To learn more, join me and my guests Dr. Robert Henry, Director for Geriatric Dental Services and Chief of Dentistry at the Department of Veterans Affairs Medical Center in Lexington; Dr. W. Michael Mansfield, retired faculty member, University of Louisville School of Dentistry; and Dr. Mary Oldfield, Berea dentist and representative to the Madison County Board of Health, on Thursday, August 17th at 1 p.m. for Community Conversations on Y92.5 or 103.5 WKXO FM. Please tell your friends to join us too.

Jeff Rubin is an advocate and adviser on community and aging issues, having spent over 20 years as a director and facilitator of community service programs at the local, state and national levels. An advocate for “Age-friendly” and “Livable” communities, Mr. Rubin is currently working to advance these initiatives statewide in Kentucky and invites your comments, involvement, and support. He can be reached at [email protected].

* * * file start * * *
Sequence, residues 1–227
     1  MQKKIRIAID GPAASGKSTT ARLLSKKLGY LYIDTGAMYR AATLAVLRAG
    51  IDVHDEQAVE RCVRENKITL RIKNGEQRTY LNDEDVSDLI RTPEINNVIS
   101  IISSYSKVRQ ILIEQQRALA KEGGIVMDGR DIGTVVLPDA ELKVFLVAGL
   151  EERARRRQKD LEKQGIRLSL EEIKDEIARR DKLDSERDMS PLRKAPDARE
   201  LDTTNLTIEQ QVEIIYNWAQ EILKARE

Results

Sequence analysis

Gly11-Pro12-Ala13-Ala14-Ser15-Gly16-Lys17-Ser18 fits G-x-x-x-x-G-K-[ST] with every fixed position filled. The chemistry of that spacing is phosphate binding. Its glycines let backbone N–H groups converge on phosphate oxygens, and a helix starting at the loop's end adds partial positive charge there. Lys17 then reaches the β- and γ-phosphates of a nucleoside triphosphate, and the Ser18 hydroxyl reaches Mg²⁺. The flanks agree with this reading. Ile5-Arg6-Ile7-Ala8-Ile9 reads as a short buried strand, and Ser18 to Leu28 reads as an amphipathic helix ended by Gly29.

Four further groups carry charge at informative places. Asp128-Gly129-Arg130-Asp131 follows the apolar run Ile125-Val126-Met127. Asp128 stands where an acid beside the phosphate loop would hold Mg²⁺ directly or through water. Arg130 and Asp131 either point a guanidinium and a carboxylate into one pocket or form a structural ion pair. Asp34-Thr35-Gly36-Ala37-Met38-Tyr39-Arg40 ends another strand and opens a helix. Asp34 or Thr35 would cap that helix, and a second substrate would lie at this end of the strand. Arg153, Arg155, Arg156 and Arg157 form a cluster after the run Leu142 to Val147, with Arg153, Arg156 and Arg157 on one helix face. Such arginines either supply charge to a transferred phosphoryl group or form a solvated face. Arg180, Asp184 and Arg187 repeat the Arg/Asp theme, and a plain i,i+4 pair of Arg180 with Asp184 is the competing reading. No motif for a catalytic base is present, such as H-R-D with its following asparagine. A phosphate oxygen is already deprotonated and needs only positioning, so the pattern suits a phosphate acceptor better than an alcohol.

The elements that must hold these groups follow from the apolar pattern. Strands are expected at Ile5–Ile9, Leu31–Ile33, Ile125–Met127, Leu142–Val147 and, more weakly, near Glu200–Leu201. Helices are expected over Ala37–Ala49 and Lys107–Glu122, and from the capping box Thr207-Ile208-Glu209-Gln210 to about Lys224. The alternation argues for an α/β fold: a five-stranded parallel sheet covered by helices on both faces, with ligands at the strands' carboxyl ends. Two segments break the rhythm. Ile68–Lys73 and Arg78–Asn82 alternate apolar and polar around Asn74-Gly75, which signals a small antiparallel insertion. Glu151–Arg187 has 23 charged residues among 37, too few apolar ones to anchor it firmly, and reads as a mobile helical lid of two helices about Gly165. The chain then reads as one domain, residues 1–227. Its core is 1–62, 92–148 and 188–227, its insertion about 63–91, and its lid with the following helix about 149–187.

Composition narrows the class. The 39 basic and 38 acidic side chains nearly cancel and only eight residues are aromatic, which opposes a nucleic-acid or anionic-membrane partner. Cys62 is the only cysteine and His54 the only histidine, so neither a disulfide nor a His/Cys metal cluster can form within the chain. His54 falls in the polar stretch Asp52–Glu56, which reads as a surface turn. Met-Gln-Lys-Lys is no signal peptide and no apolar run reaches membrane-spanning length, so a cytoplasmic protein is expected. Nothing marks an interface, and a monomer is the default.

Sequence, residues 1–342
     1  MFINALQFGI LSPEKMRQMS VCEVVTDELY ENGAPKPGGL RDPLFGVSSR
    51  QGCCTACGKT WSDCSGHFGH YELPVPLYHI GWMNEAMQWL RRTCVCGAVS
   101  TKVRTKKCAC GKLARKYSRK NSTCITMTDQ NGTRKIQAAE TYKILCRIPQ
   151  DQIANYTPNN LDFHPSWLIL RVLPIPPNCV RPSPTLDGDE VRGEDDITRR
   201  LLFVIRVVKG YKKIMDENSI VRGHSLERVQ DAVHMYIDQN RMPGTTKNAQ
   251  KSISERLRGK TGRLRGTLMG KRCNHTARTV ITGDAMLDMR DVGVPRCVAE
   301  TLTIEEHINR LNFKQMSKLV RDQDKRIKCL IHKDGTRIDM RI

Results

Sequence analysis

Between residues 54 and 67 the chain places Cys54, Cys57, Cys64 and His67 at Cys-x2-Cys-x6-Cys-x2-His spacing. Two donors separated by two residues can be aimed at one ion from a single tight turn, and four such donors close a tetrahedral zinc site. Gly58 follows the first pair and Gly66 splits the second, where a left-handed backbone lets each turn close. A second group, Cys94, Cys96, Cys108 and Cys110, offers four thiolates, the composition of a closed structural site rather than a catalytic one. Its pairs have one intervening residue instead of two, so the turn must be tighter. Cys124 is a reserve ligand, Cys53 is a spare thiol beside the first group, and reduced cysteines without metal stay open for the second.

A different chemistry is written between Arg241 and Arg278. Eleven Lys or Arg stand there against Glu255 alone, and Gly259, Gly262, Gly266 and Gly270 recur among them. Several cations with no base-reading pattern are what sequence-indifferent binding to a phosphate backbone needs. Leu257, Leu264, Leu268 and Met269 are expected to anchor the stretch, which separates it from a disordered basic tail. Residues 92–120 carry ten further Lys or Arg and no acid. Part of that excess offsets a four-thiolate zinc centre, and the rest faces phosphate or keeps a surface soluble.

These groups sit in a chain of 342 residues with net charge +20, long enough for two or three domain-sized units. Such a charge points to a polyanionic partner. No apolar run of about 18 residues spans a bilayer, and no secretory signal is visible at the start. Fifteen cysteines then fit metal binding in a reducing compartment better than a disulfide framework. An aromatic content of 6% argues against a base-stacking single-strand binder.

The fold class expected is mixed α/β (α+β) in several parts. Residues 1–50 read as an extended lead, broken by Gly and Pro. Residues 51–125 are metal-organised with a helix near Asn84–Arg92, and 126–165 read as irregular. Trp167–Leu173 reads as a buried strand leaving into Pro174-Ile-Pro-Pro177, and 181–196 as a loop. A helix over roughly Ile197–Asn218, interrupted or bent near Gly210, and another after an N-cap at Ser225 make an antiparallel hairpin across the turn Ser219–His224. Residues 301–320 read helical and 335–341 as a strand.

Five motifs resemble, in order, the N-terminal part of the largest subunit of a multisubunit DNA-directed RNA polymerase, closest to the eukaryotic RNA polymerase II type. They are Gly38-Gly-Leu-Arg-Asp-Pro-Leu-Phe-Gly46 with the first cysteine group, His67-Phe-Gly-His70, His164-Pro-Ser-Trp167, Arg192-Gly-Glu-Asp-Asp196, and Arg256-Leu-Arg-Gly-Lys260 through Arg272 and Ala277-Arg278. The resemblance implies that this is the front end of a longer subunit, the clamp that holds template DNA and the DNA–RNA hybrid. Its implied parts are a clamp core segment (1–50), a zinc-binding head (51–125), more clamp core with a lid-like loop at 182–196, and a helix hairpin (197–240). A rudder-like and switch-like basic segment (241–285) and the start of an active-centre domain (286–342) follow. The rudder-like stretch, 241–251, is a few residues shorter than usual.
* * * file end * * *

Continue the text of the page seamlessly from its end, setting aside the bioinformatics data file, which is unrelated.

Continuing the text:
12 Signs You Need to See a Dentist
1. You Have Pain
2. Your Gums Are Acting Up
3. You Try to Hide Your Smile
4. You’ve Had Work Done
5. You Have Ongoing Medical Issues
6. You’re Pregnant
7. You’re Having Trouble Eating
8. You Have Dry Mouth
9. You Use Any Kind of Tobacco
10. You’re Having Jaw Pain
11. Your Mouth Has Spots and Sores
12. It’s Time for Your Checkup

Partial List of Resources
The Kentucky Dental Association
www.kyda.org/resources.html
Phone: (502) 489-9121

American Dental Association – Mouth Healthy
www.mouthhealthy.org/en

http://chfs.ky.gov/dph/mch/cfhi/oralhealth.htm
Kentucky Cabinet for Health and Family Services
502-564-3246

VA’s Health Benefits Center
www.va.gov
859-281-4948

One thought on “The Key to Better Health Is Right Under Your Nose”

  1. The perpetrators and wannabe perpetrators of the forced-fluoridation experiment may want to take a look at Article 6 of the Universal Declaration on Bioethics and Human Rights, which is on the UNESCO website.
    “Article 6 – Consent
    1. Any preventive, diagnostic and therapeutic medical intervention is only to be carried out with the prior, free and informed consent of the person concerned, based on adequate information. The consent should, where appropriate, be express and may be withdrawn by the person concerned at any time and for any reason without disadvantage or prejudice.”
    Clearly the forced-fluoridation experiment (i.e. the dumping of toxic industrial fluoride pollution into public water supplies) violates human rights.